Persimmon sank to the bottom of the FTSE 100 and Redro fell to the FTSE 250 as the government asked the industry to stump up up to £4 billion to address the cladding crisis.
House builders lost more than £1bn in value today, after the government gave the industry just weeks to come up with plans to fully cost the £4bn cladding scandal.
Michael Gove, Secretary of State for Leveling Up, Housing and Communities, wrote today to industry leaders asking them to plan to fix building cladding issues by early March.
Builders are being asked to contribute £4 billion to a fund that will repair 18 million unsafe buildings. Developers must fund and fix any issues with buildings higher than 11 meters that they have worked on and provide the government with data on developments made over the past three decades. The government threatened that legal action would be taken if the companies failed to comply.
Persimmon was the biggest loser on the FTSE 100, down 3.1%, while Redro fell 3.3% on the FTSE 250. Other major developers posted similarly sharp declines and £1.3bn was wiped out of the sector’s market cap in early trading.
UBS analyst Gregor Kuglisch said the cost of the new measures was “significant”.
He and his team wrote in a note to clients, “The current market capitalization of the sector is around £40bn, so £4bn would cost the equivalent of ~10% on a pre-tax basis.” “It recognizes that the listed sector will bear the brunt of the cost, although some private companies are likely to pay as well.”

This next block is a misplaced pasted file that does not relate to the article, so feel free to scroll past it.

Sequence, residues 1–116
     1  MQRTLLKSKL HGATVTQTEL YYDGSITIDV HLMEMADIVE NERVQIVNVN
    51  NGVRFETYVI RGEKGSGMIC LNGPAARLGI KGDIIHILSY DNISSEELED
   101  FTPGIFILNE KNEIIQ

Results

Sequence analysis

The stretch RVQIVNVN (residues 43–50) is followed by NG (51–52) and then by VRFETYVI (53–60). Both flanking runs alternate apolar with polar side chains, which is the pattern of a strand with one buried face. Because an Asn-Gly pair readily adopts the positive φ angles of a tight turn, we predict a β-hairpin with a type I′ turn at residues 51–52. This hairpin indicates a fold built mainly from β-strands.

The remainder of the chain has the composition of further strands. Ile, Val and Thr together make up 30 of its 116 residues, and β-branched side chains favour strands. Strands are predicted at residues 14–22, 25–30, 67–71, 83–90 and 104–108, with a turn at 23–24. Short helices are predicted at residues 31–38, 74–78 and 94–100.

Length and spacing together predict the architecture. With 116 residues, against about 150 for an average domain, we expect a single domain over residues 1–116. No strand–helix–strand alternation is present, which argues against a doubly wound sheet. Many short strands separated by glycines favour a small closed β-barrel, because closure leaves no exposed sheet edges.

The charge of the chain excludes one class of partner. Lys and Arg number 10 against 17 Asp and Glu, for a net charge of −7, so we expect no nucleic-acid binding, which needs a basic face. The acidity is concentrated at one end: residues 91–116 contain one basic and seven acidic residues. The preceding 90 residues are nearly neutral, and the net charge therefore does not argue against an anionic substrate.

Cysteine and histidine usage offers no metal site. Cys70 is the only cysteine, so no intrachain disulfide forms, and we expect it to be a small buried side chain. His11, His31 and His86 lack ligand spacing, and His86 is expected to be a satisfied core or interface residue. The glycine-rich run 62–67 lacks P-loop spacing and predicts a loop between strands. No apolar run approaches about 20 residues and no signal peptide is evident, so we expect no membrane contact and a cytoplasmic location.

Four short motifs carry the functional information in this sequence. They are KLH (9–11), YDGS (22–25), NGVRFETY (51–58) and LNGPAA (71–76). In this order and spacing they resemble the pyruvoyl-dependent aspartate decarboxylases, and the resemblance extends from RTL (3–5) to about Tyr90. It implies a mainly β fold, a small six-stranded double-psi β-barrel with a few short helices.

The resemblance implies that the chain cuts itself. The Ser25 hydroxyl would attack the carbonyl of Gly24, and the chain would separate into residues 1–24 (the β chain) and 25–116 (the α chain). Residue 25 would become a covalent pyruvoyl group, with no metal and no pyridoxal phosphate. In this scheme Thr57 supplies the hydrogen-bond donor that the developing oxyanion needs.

Gov’s announcement comes on top of a building safety levy and residential property developer tax. The two were announced last year to help fund the government’s £5 billion commitment to tackle the problem.
The new measures are a twist on the government’s previous position, which saw lessees burdened with fixing cladding issues on high-rise buildings.
Stewart Beasley, executive chairman of the Home Builders Federation, said: “The UK’s largest house builders, who have built only a minority of the affected buildings, have already spent or committed close to £1bn to fix the affected buildings and have recently Just announced Property Developers Tax will raise billions more.
“We will engage directly with the government but any further solution should be proportionate, and involve the people who actually built the affected buildings and specified, certified and provided faulty materials on them.”
A spokesperson for Taylor Wimpy said it has “already worked on this for its customers” and “has ensured that Taylor Wimpy customers do not have to pay for these improvements.”
“We are confident that we will not be penalized for our early action to do the right thing,” the company said. “There are many organizations involved in the issue of fire safety, including large business in our supply chain and indeed the government itself, and so the proposed response should recognize this.”
Gove said: “Some developers have already done the right thing and funded remedial works and I applaud them for those actions. But many others have failed to meet their responsibilities.”